Submitted: June 25, 2014.
Upon Consideration of Defendant's Sixth Motion For Postconviction Relief, DENIED.
Gregory E. Smith, Deputy Attorney General, Department of Justice, Carvel State Office Building, Attorney for the State.
Alan S. Bass, James T. Vaughn Correctional Center, Smyrna, Delaware, pro se.
VIVIAN L. MEDINILLA, Judge.
On this 26th day of September, 2014, upon consideration of Defendant Alan S. Bass' Sixth Motion for Postconviction Relief, it appears to the Court that:
1. In June 1983, a jury convicted Bass of two counts of Rape First Degree, three counts of Kidnapping First Degree, two counts of Robbery First Degree, Attempted Robbery First Degree, two counts of Burglary Second Degree, and Burglary Third Degree. On January 13, 1984, this Court sentenced him to a total of five life sentences plus forty-five (45) years of imprisonment. Bass' convictions and sentences were affirmed on direct appeal.
2. On September 16, 2013, Bass filed his sixth Motion for Postconviction Relief pursuant to Delaware Superior Court Criminal Rule 61, attaching a Motion for Appointment of Counsel, an Affidavit, and Memorandum of Law in support thereof. After receiving this Court's leave for an extension of time over Bass' objections,  the State filed its Response on May 30, 2014. Thereafter, Bass filed several responsive motions. Because Bass' claims are procedurally barred, this Court need not address the merits of his contentions.
3. Under Delaware law, when considering a motion for post-conviction relief, this Court must first determine whether the defendant has met the procedural requirements of Superior Court Criminal Rule 61 before it may consider the merits of the defendant's claim. If a motion for post-conviction relief is filed after three years from the date the judgment became final, this Court "may not extend the time for taking action." Bass' convictions became final for purposes of Rule 61 on October 11, 1985, when the Delaware Supreme Court affirmed his convictions on direct appeal. Accordingly, the instant motion is time-barred. An exception to this rule exists where a motion asserts a "retroactively applicable right." No such right has been asserted, nor does one apply here.
4. Further, Rule 61 bars formerly adjudicated claims,  and those that raise arguments which could have been raised earlier but were not, unless the interests of justice so require. Procedural bars can otherwise be overcome if the movant shows "a colorable claim that there was a miscarriage of justice because of a constitutional violation that undermined the fundamental legality, reliability, integrity or fairness of the proceedings leading to the judgment of conviction."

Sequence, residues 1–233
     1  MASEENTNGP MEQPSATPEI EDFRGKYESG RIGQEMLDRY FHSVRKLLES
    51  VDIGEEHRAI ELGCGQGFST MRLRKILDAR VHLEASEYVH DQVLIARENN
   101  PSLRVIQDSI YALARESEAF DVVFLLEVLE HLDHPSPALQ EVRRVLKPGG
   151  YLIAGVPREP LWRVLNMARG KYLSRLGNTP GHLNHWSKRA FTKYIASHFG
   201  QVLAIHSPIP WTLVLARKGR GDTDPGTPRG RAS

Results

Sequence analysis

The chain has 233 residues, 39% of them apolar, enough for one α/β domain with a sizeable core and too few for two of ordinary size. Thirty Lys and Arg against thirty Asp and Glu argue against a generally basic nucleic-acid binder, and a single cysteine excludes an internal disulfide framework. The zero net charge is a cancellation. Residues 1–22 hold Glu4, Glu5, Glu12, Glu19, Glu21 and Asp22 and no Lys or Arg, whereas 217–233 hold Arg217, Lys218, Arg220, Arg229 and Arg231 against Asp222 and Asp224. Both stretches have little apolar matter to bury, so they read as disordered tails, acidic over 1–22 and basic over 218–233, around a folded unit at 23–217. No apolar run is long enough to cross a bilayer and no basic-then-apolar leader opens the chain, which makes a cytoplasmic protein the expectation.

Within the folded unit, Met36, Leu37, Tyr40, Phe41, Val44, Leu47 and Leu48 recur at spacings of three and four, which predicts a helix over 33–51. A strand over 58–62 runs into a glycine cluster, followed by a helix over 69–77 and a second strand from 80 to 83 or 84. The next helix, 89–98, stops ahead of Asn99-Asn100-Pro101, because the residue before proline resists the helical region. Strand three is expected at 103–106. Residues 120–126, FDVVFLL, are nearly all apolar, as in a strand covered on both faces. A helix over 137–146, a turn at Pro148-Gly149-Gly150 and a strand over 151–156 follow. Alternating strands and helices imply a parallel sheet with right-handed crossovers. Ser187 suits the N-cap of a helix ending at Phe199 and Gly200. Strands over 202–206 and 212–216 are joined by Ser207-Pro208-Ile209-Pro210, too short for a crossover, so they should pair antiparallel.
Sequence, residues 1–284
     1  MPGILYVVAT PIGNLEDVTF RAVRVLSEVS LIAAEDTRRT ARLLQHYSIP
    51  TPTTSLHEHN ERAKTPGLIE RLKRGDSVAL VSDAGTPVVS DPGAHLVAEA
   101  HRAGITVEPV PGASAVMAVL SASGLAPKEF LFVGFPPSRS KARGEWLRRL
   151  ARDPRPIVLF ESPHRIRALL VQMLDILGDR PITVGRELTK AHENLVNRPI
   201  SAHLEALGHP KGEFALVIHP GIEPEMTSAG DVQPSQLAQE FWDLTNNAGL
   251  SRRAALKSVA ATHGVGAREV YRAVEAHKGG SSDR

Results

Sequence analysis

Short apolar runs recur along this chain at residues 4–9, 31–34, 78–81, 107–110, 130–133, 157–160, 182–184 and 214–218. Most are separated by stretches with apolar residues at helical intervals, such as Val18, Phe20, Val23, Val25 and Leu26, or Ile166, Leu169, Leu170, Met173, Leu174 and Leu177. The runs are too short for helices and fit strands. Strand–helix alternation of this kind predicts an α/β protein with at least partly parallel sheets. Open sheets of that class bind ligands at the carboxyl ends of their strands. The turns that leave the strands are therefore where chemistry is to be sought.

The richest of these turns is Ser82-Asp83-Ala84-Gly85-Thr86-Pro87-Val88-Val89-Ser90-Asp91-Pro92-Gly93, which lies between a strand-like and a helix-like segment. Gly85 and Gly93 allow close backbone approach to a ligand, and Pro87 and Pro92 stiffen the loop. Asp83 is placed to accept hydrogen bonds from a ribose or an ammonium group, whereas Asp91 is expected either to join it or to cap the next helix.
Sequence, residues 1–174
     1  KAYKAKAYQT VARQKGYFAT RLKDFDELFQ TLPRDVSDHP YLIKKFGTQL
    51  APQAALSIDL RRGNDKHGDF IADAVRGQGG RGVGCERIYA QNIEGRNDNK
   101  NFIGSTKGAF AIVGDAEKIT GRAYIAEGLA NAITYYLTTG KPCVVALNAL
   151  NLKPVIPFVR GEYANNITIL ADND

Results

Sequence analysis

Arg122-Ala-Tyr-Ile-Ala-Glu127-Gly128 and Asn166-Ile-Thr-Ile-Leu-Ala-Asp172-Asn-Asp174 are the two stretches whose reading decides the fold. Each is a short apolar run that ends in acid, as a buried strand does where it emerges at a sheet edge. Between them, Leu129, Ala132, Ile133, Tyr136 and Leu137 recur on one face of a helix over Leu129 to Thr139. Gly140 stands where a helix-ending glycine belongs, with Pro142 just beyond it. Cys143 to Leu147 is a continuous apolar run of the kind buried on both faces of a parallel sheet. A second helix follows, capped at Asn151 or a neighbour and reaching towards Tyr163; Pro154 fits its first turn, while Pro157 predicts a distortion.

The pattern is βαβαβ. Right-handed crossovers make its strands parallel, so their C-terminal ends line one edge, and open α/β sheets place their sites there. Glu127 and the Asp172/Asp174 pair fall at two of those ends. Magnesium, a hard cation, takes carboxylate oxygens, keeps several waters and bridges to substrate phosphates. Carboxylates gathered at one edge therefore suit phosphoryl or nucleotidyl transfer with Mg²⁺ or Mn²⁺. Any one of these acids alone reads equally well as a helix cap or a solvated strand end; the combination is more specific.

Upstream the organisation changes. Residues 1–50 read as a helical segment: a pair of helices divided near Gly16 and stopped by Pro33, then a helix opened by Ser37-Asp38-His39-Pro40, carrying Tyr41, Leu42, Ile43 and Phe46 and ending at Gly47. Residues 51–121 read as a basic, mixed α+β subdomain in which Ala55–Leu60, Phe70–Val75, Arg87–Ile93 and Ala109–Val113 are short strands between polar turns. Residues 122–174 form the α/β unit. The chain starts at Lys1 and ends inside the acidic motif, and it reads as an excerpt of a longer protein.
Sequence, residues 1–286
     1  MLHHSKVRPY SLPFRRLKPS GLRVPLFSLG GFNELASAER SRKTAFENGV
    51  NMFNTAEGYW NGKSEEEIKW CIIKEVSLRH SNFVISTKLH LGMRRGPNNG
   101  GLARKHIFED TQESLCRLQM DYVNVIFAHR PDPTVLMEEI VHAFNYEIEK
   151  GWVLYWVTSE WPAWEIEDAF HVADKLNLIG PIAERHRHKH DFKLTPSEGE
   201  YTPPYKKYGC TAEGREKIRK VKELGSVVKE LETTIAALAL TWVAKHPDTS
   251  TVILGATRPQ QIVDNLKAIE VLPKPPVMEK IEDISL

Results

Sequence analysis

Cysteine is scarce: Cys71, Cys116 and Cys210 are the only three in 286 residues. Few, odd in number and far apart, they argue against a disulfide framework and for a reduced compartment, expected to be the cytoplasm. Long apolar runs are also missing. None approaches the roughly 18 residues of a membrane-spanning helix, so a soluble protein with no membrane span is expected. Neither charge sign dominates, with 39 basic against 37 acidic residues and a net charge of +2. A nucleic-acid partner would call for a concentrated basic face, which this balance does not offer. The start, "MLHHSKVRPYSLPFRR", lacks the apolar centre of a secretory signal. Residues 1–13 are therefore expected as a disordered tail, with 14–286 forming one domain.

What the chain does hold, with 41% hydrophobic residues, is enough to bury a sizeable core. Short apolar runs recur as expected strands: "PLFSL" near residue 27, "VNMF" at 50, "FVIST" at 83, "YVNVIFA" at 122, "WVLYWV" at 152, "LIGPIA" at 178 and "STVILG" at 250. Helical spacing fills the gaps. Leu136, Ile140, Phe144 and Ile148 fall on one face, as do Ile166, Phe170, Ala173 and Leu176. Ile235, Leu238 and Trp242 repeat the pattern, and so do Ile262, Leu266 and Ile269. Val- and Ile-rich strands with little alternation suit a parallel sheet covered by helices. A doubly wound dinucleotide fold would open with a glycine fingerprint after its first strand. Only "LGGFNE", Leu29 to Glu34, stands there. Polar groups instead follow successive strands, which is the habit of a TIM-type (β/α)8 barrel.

5. Bass cannot show that the interests of justice would be served by entertaining his motion, nor would a miscarriage of justice result from applying the procedural bars of Rule 61 here. In substance, the instant motions are predicated upon a mistake appearing in the State's recitation of facts during Bass' previous appeal. Specifically, in its Motion to Affirm the denial of Bass' fifth motion for postconviction relief, the State mistakenly asserted that Bass was arrested at the scene of one of his crimes. In fact, Bass was arrested some time later, after eyewitnesses picked him from a photo array. In the instant motion, Bass contends that the State's misstatement of a non-critical fact during the course of his fifth Rule 61 appeal constituted an amendment to his indictment and retroactively changed the basis for his arrest. This argument is wholly without merit. Bass' indictment by a Grand Jury constituted an independent finding of probable cause against him. He was found guilty of 11 felonies, including rapes, kidnappings, robberies, and burglaries after a trial by jury. His conviction and sentence were affirmed on direct appeal. Bass' sixth motion for post-conviction relief is procedurally barred and otherwise fails to state a colorable claim of miscarriage of justice.
6. Finally, because this Court finds no cognizable basis to grant Bass' requested relief, this Court declines to appoint counsel for his post-conviction proceedings.
7. Accordingly, Defendant's Sixth Motion for Postconviction ...